Startup PR and media attention is important, but you have to remember it won’t make or break your success. Getting featured by TechCrunch will give you an initial early boost of interest, but it is up to you to create a product that is able to maintain and grow your relationship with the market.
You will also be covered when things go wrong, and so you must be able to handle the attention and bad news stories as well as you handle the good.
Raising money can be a long and gruelling process for even the hottest new startup. It will consume a huge amount of your time, and so you need to be prepared to go all in on raising money to fuel your growth.
Whilst raising money might seem like the next logical step for early stage Entrepreneurs, you need to ensure you are in the right place or it could all be a big mistake. Jason has a set of 7 questions you must ask yourself to ensure you are ready to raise investment. These questions include, do you have a demo? Are you ready to bring people on board? And are you fully committed to this vision? If you answer no to any of these questions, you can save yourself a lot of time by delaying the investment process until you are ready.
Raising Venture Capital has a lot to do with momentum and warm introductions. Firing off a cold email to a Venture Capitalist or Angel Investor is a sure fire way of not getting a response. It doesn’t matter how big your idea is, or how much it will change the world if you do not put the ground work in before hand to get the introductions you need.
You should locate the specific Investors you want on your team and find ways to get introductions to them. Investors have a large network of colleagues and industry friends, and so you must find a way into that circle. Networking and reaching out to the rising stars of an industry will be a lot easier than going straight to the top. Getting an introduction from a mutual friend will be a much better way of getting a meeting with the investors you want.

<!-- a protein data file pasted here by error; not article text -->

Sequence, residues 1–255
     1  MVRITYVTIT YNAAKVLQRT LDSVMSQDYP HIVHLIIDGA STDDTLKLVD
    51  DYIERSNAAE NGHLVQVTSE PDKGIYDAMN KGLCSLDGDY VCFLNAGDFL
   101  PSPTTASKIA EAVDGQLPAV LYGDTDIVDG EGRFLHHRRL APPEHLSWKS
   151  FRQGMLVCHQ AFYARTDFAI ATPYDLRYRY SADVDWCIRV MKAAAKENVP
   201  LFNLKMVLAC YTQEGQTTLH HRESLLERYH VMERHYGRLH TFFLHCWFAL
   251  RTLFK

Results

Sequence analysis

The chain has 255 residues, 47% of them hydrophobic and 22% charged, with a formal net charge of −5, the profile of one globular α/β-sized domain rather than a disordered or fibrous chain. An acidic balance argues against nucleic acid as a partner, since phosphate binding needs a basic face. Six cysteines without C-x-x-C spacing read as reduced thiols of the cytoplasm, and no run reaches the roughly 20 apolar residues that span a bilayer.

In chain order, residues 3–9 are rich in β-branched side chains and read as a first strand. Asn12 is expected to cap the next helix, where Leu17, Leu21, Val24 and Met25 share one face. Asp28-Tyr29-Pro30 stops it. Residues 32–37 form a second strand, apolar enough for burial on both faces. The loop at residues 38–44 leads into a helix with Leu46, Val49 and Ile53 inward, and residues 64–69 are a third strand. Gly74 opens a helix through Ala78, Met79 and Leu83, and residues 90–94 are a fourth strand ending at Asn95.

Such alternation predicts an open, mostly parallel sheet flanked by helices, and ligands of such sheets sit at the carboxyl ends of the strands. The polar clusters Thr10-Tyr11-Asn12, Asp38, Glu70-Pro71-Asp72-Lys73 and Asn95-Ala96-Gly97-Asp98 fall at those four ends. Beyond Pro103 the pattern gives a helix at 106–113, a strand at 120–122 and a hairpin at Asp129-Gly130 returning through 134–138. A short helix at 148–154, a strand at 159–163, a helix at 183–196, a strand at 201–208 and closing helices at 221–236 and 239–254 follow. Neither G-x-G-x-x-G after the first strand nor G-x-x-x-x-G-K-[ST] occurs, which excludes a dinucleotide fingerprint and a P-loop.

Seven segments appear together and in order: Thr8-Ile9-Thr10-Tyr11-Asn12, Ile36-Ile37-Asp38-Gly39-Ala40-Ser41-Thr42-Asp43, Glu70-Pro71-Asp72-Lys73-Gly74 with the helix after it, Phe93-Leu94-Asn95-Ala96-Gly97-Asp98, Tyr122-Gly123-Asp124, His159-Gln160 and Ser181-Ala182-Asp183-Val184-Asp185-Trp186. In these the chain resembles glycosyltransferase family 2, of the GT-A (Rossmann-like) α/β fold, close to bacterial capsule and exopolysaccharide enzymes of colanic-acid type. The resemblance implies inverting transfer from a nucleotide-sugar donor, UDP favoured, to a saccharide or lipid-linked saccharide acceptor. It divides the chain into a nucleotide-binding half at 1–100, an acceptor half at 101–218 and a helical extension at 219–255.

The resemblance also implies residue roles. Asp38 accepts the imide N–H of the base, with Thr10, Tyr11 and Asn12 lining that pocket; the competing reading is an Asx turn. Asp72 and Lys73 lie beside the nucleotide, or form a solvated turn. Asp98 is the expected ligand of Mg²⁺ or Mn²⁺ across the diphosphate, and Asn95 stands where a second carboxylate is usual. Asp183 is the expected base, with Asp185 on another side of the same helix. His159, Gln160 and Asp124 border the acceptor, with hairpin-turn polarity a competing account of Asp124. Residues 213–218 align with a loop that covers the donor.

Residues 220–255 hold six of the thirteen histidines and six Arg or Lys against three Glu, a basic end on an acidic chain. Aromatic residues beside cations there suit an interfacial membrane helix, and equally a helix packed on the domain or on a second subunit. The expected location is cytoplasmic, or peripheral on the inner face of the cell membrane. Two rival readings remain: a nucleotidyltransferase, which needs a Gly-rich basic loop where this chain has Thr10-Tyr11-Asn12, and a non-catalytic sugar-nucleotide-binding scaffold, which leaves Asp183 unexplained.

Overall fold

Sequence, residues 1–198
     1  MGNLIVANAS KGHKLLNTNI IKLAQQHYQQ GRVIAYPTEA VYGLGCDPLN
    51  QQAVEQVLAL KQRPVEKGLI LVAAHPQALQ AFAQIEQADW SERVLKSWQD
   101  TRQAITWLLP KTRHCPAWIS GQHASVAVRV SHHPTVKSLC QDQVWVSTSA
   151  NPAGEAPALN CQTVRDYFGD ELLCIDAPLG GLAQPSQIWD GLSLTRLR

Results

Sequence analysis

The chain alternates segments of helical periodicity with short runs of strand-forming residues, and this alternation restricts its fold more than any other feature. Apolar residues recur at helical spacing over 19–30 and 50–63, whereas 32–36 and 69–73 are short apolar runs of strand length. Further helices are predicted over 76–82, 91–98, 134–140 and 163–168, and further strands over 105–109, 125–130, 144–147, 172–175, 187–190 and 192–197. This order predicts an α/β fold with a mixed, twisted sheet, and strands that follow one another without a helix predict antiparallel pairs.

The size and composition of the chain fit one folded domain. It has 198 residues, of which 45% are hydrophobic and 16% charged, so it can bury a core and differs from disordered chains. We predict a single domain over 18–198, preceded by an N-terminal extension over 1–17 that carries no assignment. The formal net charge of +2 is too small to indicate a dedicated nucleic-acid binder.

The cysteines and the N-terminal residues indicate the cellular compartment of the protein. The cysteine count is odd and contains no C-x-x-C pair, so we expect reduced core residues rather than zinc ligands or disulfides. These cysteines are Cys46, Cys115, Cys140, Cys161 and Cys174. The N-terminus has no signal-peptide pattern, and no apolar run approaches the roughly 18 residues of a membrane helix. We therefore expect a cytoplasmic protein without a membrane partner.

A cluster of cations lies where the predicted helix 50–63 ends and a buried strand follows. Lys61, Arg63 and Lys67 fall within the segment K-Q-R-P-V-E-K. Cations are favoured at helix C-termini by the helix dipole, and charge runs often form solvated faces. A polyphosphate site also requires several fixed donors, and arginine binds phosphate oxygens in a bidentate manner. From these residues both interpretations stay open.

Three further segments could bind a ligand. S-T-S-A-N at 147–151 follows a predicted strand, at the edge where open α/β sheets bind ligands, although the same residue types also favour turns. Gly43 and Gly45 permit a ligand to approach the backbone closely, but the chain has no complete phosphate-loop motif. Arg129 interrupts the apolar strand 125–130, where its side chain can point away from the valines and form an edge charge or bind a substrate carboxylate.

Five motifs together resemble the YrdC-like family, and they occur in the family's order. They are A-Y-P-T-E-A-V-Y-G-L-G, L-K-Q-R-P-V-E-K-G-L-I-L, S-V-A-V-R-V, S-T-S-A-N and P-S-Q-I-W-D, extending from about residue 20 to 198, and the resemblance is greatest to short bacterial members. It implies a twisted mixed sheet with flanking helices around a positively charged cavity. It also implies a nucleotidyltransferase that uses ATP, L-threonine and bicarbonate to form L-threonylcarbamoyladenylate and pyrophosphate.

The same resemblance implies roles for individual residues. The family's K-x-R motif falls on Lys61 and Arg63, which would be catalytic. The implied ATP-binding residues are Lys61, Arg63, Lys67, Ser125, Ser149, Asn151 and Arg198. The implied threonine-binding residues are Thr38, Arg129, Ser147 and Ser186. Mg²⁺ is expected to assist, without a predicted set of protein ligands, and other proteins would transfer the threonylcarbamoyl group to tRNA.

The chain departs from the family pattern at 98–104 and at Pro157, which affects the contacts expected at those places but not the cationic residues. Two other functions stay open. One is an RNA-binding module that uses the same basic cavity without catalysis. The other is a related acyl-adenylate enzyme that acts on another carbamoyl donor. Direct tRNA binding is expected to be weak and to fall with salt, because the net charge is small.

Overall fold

Jason breaks down the investment process that lead OnSwipe to raise $1,000,000 in just 40 days. He talks about the initial meetings and what you should expect at each stage in the journey.
The Ultralight Startup is a great book for would-be Entrepreneurs and is very approachable for someone who is just getting to know the industry.
This book talks about many of the concepts founding a startup like Customer Development, Lean and Agile engineering. If you are already familiar with The Four Steps to the Epiphany, The Lean Startup and The Startup Owner’s Manual you aren’t going to learn anything new.
However, if have not already read these three books, the Ultralight Startup gives you an overview of what you need to know and would be a good primer to read before getting into the more in-depth material.
The Ultralight Startup is more akin The Founders Dilemmas in that it gives you the story and the steps to take when founding a startup. Jason has recently being on this path with his company OnSwipe, and so I think the real value of this book is being able to read the steps that Jason took, and to be able to learn from the mistakes he made.
Jason breaks down each of the steps it takes to turn an idea into a product and then into a company. He gives you a clear and uncomplicated explanation of all of the critical steps and all of the tasks you will need to take on.
Jason also give a lot of practical advice and things you can achieve with very little budget. Nearly everything Jason suggest can be achieved for less than $200 and the majority of things will cost you dramatically less than that.
I think Jason’s recent experience with OnSwipe is really interesting and he is clearly writing this book to scrappy Entrepreneurial types with no money and only an idea. If you are in the early stages of your startup path, The Ultralight Startup will be a fascinating book of practical help and ideas and a companion for when things get tough.
Buy the The Ultralight Startup: Launching a Business Without Clout or Capital on Amazon (Affiliate link)